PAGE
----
How is This Relevant

Lemme bring this back around. What I’m attempting to do is break down some of what they’re discussing around strain unreliability and how labeling means nothing, and so forth, in a way that’s a little easier to understand.

So, how do we talk about strains if we’re not using sativa and indica, and all the other language we’re familiar with? One of the experts shows us some medical extract packaging and suggests we go with the scientific names, which are boring, sound the same, and no one’s going to remember. This is where I think they have it wrong.

Even though there’s no real way to figure out what strain came from what lineage, and whether or not those were i/s dominant or pure is beyond us now. We can’t go backward from where we are. Meanwhile, discussing cannabis using these identifiers has gone on for decades, and a lot of people understand these terms as a way to describe strains. It has its benefits: familiarity and verbal shorthand; and it fails for scientific accuracy. Where is the halfway point?

How Conversational Language Works

Maybe where we’ll go is determining which sets of compounds make up what we’ll call sativa, and which make up what we’ll refer to as indica, and then all the hybrids in between are shades of green. In that way, we’d have a familiar vocabulary attached to a scientific scale, and then we’d have a reasonably good idea of where specific crops fall within those guidelines…not strains, just crops. Because we know how different one crop to the next can be, and because strain parentage is difficult to track, and because life is crazy and it does what it wants, and there will always be people out there growing their own special strains. You can’t contain life. So under that system, if you’re selling, you’d grow, harvest, get tested, and get an indication of where your crop falls on the scale, and that’s the end of it. Call it whatever you want; at the end of the day, the only true way to describe a specific harvest is by its chemical attributes.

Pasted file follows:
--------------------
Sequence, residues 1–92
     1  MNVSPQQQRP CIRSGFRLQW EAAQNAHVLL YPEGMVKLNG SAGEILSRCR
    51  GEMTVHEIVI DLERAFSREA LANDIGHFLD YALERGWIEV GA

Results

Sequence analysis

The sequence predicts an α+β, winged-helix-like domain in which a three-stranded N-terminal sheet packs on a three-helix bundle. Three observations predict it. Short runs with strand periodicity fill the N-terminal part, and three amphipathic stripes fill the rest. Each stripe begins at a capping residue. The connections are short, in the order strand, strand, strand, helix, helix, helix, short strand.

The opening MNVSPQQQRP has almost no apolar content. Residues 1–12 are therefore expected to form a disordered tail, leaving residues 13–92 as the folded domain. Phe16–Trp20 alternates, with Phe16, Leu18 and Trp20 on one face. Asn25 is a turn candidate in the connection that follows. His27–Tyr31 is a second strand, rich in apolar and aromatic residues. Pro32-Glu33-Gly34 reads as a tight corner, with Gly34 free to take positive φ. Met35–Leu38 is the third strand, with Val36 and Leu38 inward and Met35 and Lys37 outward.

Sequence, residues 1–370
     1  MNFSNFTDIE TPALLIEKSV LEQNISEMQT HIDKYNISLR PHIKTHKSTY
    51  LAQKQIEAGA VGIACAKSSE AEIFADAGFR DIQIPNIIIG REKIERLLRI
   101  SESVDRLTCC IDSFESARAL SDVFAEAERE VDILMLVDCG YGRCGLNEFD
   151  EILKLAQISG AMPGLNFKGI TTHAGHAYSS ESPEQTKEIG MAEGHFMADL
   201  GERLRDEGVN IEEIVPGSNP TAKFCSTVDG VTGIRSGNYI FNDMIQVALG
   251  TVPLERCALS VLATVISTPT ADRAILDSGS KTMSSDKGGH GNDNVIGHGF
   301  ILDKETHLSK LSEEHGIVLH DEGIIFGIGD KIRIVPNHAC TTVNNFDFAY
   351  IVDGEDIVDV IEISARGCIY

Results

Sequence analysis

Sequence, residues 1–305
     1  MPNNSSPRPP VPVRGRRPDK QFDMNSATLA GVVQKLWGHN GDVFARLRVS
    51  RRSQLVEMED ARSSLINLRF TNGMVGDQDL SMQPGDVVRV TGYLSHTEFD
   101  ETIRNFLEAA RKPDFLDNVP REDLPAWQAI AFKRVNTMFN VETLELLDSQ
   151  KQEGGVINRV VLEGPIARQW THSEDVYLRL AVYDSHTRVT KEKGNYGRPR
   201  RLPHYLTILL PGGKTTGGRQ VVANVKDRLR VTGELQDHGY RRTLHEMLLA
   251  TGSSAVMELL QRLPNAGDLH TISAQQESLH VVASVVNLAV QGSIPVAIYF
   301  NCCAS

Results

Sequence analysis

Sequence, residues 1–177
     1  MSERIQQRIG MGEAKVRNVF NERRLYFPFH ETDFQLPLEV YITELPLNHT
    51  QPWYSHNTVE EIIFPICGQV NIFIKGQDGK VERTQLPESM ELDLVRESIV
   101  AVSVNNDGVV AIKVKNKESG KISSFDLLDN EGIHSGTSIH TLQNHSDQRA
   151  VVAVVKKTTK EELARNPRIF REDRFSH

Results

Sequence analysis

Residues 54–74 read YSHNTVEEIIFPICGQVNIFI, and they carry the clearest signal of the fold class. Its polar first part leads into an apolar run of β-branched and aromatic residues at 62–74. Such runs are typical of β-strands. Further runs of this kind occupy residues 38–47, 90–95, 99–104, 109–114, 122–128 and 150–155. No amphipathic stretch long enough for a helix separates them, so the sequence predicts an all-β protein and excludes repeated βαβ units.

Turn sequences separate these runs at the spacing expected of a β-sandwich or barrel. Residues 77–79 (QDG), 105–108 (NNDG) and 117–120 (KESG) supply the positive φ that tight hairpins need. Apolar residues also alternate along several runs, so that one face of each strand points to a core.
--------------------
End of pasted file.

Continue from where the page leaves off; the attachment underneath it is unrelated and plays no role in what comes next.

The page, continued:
Even still, we need a vocabulary we can use in day-to-day speech.

It’s already overwhelming to people who’ve never talked about cannabis to get deluged in new vocabulary. It’s important right now to make sure people don’t feel left out because they don’t have the language to talk about cannabis. Part of making it accessible to everyone is being inclusive, and that means not being an elitist who makes people feel like crap because they’re just learning.

It’s a good way to communicate what we want out of the smoking experience, and we have to have that vocabulary, and it can’t just be proprietary chemical names. These experts seem to think all of us who enjoy using cannabis are going to want it in pill form, and I believe they’ve gotten that very, very wrong. One of the things that attracts quite a lot of people to cannabis is its natural gentleness, and the ability it gives one to play both farmer and apothecary. Many medical users have come from pharmaceuticals to cannabis, and I don’t think most of us would relish the thought of going back to that way of managing our health.

No one’s going to rattle off lists of numbers and stats and active compound percentages. No one’s going to want to use Latin names or pharmaceutical names. Seriously.

Man, all I want is a good sativa-dominant hybrid.